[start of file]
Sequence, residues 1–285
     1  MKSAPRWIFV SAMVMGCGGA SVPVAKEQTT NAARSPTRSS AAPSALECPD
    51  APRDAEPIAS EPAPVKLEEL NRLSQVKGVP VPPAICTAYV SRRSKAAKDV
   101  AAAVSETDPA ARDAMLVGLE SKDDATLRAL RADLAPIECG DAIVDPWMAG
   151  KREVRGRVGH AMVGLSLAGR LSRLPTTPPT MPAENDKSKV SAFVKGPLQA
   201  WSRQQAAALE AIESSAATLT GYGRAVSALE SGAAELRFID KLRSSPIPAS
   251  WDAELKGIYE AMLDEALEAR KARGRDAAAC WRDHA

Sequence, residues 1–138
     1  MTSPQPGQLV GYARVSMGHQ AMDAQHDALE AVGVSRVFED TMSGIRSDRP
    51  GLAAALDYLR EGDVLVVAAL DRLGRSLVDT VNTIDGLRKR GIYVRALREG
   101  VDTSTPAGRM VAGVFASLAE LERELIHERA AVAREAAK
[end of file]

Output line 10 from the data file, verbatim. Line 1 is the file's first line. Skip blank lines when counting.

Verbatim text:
    51  GLAAALDYLR EGDVLVVAAL DRLGRSLVDT VNTIDGLRKR GIYVRALREG